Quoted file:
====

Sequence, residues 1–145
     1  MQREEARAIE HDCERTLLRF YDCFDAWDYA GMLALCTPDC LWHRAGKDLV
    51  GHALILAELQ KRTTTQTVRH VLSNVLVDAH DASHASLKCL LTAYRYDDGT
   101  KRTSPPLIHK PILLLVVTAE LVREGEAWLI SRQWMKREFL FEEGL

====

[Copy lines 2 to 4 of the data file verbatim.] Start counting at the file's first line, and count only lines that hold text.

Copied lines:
     1  MQREEARAIE HDCERTLLRF YDCFDAWDYA GMLALCTPDC LWHRAGKDLV
    51  GHALILAELQ KRTTTQTVRH VLSNVLVDAH DASHASLKCL LTAYRYDDGT
   101  KRTSPPLIHK PILLLVVTAE LVREGEAWLI SRQWMKREFL FEEGL